Ifeoma Ike, Esq. is an award-winning advocate, writer and policy advisor focused on designing solutions to address disparities. A graduate of CUNY Law School, Ike embodies the motto “law in service of human needs,” and has dedicated most of her career to advancing equity in spaces where marginalized lives dare to exist and live fully.
Some of the efforts Ike has co-engineered include Just Leadership USA and Mass Bail Out NYC; as well as the formation of three congressional caucuses: Caucus on Black Men and Boys; Caucus on Black Women and Girls; and the recently-launched Caucus on Black Innovation. A movement lawyer, Ike has been a policy advisor regarding human rights violations in Haiti, mistreatment of Afro-Columbians and non-consent medical practices on the continent of Africa. Ike was part of the Ferguson Legal Defense Committee following the murder of unarmed Black teenager, Mike Brown, Jr. During the Flint water crisis, Ike supported local organizers’ development of policy and civic responses. Understanding the role policy plays in the everyday lives of communities, Ike has co-drafted several pieces of legislation, including the federal End Racial Profiling Act and Reparations Bill (HR40).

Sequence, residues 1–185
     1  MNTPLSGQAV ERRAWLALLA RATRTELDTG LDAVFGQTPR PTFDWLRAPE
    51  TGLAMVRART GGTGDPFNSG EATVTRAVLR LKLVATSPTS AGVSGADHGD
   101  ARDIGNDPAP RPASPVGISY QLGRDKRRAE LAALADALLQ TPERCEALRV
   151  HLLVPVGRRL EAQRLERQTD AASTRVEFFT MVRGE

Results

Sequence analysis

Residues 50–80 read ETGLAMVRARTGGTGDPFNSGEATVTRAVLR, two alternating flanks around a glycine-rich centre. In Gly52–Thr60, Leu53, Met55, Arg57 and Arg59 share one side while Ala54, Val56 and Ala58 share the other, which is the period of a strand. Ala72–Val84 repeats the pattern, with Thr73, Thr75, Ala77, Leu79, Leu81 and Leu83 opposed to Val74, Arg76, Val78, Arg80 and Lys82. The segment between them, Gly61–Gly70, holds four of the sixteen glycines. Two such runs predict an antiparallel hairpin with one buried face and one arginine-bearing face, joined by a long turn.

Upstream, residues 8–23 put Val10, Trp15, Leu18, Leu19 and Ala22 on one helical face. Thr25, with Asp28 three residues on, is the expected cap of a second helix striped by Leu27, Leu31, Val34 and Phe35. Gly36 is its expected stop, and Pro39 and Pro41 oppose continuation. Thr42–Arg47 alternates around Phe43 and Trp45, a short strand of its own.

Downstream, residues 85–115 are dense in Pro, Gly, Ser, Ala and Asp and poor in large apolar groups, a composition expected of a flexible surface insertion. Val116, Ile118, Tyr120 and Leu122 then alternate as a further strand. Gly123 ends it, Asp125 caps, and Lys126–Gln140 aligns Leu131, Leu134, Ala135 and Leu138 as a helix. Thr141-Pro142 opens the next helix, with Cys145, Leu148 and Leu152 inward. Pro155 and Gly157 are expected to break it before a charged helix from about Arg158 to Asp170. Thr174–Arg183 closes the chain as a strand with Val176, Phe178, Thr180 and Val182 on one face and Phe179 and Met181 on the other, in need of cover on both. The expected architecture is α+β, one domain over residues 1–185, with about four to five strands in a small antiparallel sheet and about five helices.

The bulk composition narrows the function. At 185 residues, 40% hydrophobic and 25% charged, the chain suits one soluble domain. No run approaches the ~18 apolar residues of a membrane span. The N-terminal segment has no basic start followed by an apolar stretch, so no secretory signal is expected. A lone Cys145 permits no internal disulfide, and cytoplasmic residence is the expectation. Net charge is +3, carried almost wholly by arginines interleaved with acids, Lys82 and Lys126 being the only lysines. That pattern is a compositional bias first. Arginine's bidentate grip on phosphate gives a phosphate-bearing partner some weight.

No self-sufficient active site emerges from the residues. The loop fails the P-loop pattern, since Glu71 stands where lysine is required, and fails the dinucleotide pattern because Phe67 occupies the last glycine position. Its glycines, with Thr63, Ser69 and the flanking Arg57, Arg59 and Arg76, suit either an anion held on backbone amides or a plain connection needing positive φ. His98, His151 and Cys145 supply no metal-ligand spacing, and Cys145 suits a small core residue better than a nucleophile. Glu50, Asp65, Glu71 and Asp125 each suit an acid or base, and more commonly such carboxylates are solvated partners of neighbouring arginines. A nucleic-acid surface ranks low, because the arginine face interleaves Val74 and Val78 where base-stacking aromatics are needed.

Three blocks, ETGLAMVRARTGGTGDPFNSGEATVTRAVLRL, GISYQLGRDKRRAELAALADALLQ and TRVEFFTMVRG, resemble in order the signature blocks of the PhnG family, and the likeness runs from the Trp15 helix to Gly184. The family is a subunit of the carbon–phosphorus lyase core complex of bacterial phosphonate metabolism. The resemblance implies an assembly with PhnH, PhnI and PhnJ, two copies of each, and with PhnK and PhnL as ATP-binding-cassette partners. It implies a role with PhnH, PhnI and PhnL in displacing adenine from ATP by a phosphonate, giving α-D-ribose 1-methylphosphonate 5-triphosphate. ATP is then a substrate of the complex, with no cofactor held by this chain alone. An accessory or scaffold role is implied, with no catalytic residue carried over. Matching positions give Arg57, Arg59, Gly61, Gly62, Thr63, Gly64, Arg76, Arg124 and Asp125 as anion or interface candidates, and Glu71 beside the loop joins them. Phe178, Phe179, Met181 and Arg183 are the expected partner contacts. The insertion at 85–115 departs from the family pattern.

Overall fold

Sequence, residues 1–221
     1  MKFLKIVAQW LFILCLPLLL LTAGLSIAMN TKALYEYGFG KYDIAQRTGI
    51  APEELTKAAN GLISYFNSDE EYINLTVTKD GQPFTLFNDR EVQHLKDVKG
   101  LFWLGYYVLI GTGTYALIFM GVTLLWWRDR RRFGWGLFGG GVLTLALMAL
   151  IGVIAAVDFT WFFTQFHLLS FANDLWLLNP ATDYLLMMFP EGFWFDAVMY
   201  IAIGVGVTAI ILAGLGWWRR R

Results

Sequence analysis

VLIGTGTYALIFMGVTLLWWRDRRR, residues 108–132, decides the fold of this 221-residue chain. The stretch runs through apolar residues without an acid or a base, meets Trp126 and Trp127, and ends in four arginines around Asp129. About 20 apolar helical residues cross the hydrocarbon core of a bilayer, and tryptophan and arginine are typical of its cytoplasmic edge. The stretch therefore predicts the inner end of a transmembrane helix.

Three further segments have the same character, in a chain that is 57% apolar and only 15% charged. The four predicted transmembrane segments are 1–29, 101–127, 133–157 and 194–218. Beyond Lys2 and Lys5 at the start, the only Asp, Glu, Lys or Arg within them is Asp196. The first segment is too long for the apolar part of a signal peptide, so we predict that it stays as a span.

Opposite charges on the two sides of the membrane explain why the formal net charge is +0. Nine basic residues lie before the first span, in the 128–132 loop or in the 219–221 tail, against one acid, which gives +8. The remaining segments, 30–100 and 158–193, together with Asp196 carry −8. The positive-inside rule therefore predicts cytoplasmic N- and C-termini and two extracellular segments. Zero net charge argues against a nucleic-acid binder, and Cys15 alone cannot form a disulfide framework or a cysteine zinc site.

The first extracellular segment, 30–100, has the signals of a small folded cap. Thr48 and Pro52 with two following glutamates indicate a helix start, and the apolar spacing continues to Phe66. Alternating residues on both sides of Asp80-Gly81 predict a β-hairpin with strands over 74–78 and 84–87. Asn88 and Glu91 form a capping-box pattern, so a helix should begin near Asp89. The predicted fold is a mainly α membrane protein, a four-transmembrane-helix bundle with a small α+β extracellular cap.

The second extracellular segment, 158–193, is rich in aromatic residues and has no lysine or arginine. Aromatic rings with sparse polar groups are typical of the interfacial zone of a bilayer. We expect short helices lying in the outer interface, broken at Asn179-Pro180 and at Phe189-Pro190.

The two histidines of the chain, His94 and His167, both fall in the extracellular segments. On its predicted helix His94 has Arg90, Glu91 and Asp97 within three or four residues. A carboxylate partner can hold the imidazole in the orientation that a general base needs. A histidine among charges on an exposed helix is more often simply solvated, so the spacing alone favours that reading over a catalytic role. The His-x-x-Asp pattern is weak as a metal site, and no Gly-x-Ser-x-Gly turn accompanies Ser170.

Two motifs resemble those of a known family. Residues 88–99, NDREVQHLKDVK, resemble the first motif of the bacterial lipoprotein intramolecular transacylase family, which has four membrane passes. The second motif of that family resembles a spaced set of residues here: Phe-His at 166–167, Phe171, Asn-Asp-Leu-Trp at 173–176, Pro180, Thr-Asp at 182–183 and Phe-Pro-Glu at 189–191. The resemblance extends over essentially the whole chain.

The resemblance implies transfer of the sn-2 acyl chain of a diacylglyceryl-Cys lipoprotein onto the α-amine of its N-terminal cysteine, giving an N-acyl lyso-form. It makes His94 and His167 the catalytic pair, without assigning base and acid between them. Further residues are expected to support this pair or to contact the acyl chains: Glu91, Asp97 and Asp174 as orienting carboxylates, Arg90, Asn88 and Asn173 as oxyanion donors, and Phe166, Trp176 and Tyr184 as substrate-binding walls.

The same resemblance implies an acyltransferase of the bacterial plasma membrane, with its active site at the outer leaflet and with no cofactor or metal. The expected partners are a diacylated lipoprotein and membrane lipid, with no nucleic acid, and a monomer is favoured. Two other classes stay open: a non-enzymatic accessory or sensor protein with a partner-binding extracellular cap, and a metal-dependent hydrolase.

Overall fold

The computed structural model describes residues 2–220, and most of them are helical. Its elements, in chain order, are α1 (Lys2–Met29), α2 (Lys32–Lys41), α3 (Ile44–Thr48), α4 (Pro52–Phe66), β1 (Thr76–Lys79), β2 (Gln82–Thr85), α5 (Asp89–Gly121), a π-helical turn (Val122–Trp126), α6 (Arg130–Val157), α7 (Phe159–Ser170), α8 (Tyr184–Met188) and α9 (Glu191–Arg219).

As COVID-19 exposed old and new disparities, Ike’s social impact firm, Pink Cornrows, co-created sustainable solutions that included serving as policy advisors to the National Birth Equity Collaborative, leading the equity framework for the Rockefeller Foundation’s multi-city vaccination effort, and conducting research exploring the relationship between the pandemic and gun violence. Pink Cornrows also launched COVID While Black, a research and culture project centering the lived experiences of Black lives and the continued failures of our healthcare system, as well as honoring those who have transitioned. The team also continued offering their annual Black Policy Lab, which centers collaborative policy creation, skills sharing and joy.
Ike’s prior experience includes serving as New York City’s Executive Deputy Director of the Young Men’s Initiative, being a Senior Policy Advocate with the Innocence Project, providing counsel to the US. House Judiciary Committee, and being a researcher with the American Bar Association. Ike has also been an adjunct at Lehman College and a media contributor to MSNBC, CNN, PBS, NewsOne, HuffPost and Cosmopolitan.